Here is just a quick look inside the electronics box. The silver thing at the bottom left is the Iridium modem. The green board next to it is the Telit GM862-GPS GSM modem and GPS. On the right is the compact flash wireless card which at the top of the Gumstix stack. The black box on the right above the Iridium modem is the control box for the Rowind. At the top of the box on the left and in the middle are the solar charge controllers and on the right is the MD03 motor controller. Outside the box to the top right is the sail winch motor (the black thing).
Pinta is our entry for the Microtransat challenge, a race of autonomous sailing robots across the Atlantic Ocean. She is named after one of Columbus’ ships. Our main aim is that Pinta is simple, reliable, durable and most importantly CHEAP. There is a very good chance that once we launch her we will never see her again, so we don’t want to spend too much money.
We have decided to use a topper Taz dinghy. This is a 2.95 metre long sailing dinghy aimed at children. Its built from fibre glass and has quite a bit of room inside the hull for batteries or electronics. The one we’ve bought is a sprit rig but we plan to cut the sail down to form a bermudan style sail.
We are using a Furuno Rowind ultrasonic wind sensor and a Furuno PG500 fluxgate compass. We used both of these on our previous boat, BeagleB and they worked very well. Both of these are NMEA devices and have a nice serial protocol which just throws out relatively easy to understand data strings at 4800 bits per second on an RS232 connection. A Telit GM862-GPS modem gives us both GSM (mobile phone) and GPS in one device. We used four of these to track all the competitors in the 2007 Microtransat Challenge. The sail is on a big winch with an electric motor from a car wind screen wiper. We are controlling it with a Daventech MD03 motor controller using a I2C connection. The rudder is controlled with a Simrad TP22 tiller pilot designed for a yacht. This has its own compass in it and will perform course corrections itself. Two buttons control the left and right movement of the rudder, so we can use these as a manual control to get ourselves on course and then put the tiller pilot in automatic mode and have it just hold that heading. All of this is controlled by a Gumstix single board computer which gives us a 200mhz ARM processor, 64 mb of RAM, 4mb of flash memory, compact flash slot and 3 (4 if we don’t use compact flash) serial ports, I2C and over 20 general purpose I/O lines. For extra I/O we’ve also got a Daventech GPIO14 I/O extender which gives us 14 I/O lines which we can access over I2C. This is used to interface between the Gumstix and the tiller pilot. The Gumstix runs a really cut down version of Linux but its more than adequate for running a sailing robot.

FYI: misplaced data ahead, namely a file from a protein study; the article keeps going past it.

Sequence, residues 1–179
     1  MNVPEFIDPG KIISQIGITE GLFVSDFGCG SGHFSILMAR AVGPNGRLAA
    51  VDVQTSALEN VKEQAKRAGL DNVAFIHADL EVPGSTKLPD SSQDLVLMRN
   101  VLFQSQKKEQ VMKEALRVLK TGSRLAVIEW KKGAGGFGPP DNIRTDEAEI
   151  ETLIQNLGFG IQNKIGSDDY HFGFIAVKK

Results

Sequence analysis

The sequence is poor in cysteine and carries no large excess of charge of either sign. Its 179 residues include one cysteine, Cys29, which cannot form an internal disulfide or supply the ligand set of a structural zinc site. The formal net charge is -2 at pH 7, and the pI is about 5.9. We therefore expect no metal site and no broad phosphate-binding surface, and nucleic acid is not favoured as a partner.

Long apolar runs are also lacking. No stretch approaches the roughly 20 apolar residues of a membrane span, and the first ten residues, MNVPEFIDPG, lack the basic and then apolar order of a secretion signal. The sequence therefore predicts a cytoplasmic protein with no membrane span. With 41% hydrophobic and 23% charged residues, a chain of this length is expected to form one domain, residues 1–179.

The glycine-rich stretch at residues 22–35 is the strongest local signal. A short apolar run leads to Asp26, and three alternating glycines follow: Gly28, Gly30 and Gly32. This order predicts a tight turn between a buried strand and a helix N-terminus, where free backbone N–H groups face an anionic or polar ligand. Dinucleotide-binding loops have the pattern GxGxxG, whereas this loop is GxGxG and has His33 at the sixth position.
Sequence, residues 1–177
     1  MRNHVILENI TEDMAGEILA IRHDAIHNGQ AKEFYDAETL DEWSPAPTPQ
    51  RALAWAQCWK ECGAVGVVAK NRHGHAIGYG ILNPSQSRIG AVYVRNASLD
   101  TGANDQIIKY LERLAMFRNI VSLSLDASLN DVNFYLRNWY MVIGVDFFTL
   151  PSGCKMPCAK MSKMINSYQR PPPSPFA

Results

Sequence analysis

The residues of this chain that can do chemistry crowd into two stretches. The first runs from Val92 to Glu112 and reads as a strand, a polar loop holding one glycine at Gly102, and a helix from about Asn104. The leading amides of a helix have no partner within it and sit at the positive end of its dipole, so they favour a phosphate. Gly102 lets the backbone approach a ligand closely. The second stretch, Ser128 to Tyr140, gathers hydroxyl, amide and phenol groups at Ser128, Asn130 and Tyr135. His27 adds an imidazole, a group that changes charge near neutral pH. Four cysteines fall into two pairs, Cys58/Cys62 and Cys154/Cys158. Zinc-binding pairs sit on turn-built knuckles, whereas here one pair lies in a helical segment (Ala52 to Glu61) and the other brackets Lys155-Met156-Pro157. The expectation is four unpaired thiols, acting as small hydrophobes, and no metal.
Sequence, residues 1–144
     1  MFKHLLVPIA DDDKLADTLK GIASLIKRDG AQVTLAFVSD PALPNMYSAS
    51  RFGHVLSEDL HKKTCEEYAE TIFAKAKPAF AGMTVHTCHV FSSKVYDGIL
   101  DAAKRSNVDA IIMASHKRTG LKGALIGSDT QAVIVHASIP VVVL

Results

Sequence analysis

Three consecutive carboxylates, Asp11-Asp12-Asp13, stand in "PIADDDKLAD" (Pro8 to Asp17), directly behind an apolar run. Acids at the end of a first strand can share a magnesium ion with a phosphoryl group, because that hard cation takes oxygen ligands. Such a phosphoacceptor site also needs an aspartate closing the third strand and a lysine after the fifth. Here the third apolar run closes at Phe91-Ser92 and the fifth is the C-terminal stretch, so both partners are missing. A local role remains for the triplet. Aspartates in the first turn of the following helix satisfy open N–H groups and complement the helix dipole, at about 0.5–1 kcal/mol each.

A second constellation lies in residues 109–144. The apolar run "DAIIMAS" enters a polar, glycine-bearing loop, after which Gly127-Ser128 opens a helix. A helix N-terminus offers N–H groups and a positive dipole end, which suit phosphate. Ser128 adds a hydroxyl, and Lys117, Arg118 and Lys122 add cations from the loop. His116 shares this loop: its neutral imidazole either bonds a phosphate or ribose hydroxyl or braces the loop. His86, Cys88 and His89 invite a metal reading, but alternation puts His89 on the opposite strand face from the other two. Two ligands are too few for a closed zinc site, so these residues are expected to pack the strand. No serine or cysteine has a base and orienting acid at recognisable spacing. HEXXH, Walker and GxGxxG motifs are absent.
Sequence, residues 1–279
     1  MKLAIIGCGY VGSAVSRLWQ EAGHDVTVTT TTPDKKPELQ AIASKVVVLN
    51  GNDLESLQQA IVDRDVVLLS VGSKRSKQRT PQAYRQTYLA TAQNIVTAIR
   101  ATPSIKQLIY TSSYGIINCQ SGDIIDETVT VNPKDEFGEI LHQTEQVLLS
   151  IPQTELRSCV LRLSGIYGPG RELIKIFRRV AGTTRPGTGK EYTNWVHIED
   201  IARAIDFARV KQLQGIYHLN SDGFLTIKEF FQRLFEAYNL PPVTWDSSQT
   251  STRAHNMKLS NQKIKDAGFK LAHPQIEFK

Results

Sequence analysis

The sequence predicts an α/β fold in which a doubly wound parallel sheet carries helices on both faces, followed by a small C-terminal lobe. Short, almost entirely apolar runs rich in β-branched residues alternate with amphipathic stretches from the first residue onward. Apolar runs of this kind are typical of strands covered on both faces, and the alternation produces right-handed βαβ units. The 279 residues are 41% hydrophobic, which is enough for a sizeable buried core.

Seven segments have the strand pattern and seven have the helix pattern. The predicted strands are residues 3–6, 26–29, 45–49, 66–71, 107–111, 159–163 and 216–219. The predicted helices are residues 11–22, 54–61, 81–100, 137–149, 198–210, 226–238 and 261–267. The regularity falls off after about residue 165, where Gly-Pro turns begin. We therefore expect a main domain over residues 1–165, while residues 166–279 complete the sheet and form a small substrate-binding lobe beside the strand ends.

We’ve got 3 20 watt (peak output) solar panels and two solar charge controllers for redundancy. There are 16, 7 amp hour, 12 volt lead acid batteries. These should be enough to run the boat for about 10 days without solar panels. Our target power budget is only around 5 watts.
There’s also an Iridium 9601 Short Burst Data satellite modem. This should provide us with communications anywhere in the world. Annoyingly the Gumstix only lets us use 3 of its 4 serial ports when the compact flash wireless network card is connected. As the compass, GPS/GSM and wind sensor each need a serial port that means we have a choice of either having the wifi plugged in or having the Iridium plugged in. As we haven’t yet activated our subscription to Iridium we’ll stick with just having wifi for now.
In the photo you can see the Rowind at the top of the mast. The tiller pilot is connected to the back of the boat. The white box sat on the deck contains all the electronics. The solar panels can be seen off to the left.
This blog is all about the attempts of a team from Aberystwyth University’s Department of Computer Science to build an autonomous sailing robot to sail from Europe to the Caribbean in the Microtransat Challenge. The rules of the Microtransat are basically to sail from Europe to the Caribbean using only wind power for propulsion and carrying onboard any electricity generating equipment (solar panels, batteries, generators etc) to run computers, actuators and sensors. The boats must be less than 4 metres long and must be fully autonomous (not remote control). We have already spent the last 3 and a bit years building sailing robots. We’ve built two robots ourselves and had another one built for us by a robotics company. There have already been two smaller competitions that we’ve called Microtransats. The first one was in 2006 in France and the second one was last year in Aberystwyth. There’s more information about all of this on the Microtransat website.